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ViewBY THE HAWK
Letter to Harold
MANY hauliers would be forced out of business if the Minister of Transport carried out the road haulage proposals contained in her White Paper, Mr. Alf Wilkinson of Hohne, managing director of A. B. Wilkinson and Sons (Transport) Ltd., has told the Prime Minister.
Mr. Wilkinson's letter goes on: "It is with horror that I see it is your Government's intention to ruin me in my small road haulage business without compensation." He claims the White Paper proposals are "entirely opposite to the freedom I fought for in Norway and North Africa during the last war".
Mr. Wilkinson calls for modifications to the proposals and asks Mr. Wilson to "put the screws on the people who participate in unofficial strikes and are deliberately wrecking the country's economy, and leave us free to help you in your hard days ahead".
Mr. Wilkinson started with a borrowed £150 in 1946 after being demobilized from the Royal Signals. He now has seven lorries and 17 trailers.
Authentic Piccadilly bus?
I WAS amused by a Press release from the American Furniture Mart which announced that "For the first time in history an original London Piccadilly double-decker bus will become a familiar sight on Chicagoland streets". Accompanying the story was a photograph of—an old wartime Guy utility double-decker?
This "refurbished English import", as the release describes it, is called the "Piccadilly Pick-up" and will be used during a forthcoming International Home Furnishings Market to be held in Chicago from January 7-13, inclusive. It will ferry passengers between the exhibition and hotels in Chicago's midtown area. The double-decker is, to quote the Press release, "exactly as is used in daily service throughout London". Well—hardly! The last utility buses were withdrawn from London Transport service as far back as December, 1952.
Apparently William W: Wirtz, President of the American Furniture Mart, imported "this faithful London public conveyance direct from Jolly old England" for his special service. It would be interesting to know where the bus has been since 1952.
CLIPPIES seem to be left out in the cold in the glamour stakes, I wrote two weeks ago. Of course, I meant it only figuratively .. . I was referring to a report that an Edinburgh councillor suggested that only thin girls—allegedly quicker on their feet—be employed as bus conductresses.
Now I hear of another suggestion that would leave them in the cold. . . .
Three-hundred conductresses at a Western SMT depot in Greenock complained that a new, lighter winter overcoat is unsuitable for cold weather.
Their objection was so strong, in fact, that a one-day strike was planned, but was called off after a meeting between the management and the TGWU.
Mr. G. Ramsay, transport manager from Kilmarnock, assured the conductresses that he would recommend to headquarters that the warmer overcoats of past years should be issued instead.
May I suggest to the Edinburgh councillor that going over entirely to slimline girls is fraught with danger? Certainly they are more likely to feel the cold and complain of lighter coats than their more substantial sisters. Slirnliners may be quicker on their feet, but are p.s.v. passengers ready for the Twiggy revolution?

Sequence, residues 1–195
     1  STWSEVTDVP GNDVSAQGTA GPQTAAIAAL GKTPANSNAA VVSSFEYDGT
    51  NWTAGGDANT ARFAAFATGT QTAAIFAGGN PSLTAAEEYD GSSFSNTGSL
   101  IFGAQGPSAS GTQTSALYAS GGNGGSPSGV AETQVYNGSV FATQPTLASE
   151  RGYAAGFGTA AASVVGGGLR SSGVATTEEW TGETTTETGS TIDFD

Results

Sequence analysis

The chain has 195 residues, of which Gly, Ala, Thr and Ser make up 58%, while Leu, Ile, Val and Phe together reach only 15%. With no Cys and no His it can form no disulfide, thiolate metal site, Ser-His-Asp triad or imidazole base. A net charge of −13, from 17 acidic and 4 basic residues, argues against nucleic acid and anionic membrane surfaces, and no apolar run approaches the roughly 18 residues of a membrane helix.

Into battle again
WARTIME head of a cloak-and-dagger Special Operations Executive, Col. Maurice Buckmaster may soon be campaigning for the Scottish road haulage industry. He has been invited to become public relations consultant to Scotland's recently-formed Industrial Transport Action Committee.
The committee is to campaign against the Transport Bill's proposed tax on heavy haulage.
Said Col. Buckmaster, a former director of public relations with the Ford Motor Co., "Scotland will be particularly hard hit by the new legislation because of the great distances involved.
"The penalties attached to loads going distances of more than 100 miles are such that a number of vehicles may be forced off the roads by simple economics. And the housewife could find her bills going up quite a bit if the proposals go through."
THEFTS of goods vehicles or their loads showed a "remarkable reduction" in the Metropolitan police district over the past year, says the RHA. In the first nine months of 1967 the reduction from the same period last year was one of 22.5 per cent.
In the period July-September this year, there were only two cases of hi-jacking in the Metropolitan area (four last year, 13 in 1965), 824 thefts of and from vehicles in the street (1,033 last year); in the whole nine-month period, the figures respectively were: 18 hi-jackings (23 same period last year), and 2,951 thefts (3,335 last year).
THE mass lobby of RHA members last week endured some lengthy queueing in Parliament Square. A small number with prearranged appointments was allowed into the Central Lobby promptly but the bulk of delegates resigned themselves to standing stationary for long spells in the bitterly cold wind.
Some delegations were enlivened by jokes interchanged with young policemen shepherding the demonstration. The hauliers, I fancy, capped most of the coppers' jokes.
The choice of a suitably amusing play for the evening exercised some members. "A girl in my sour was a popular choice. "The Dragon—a Russian fairy tale" was another.
Named Barbara. . . ?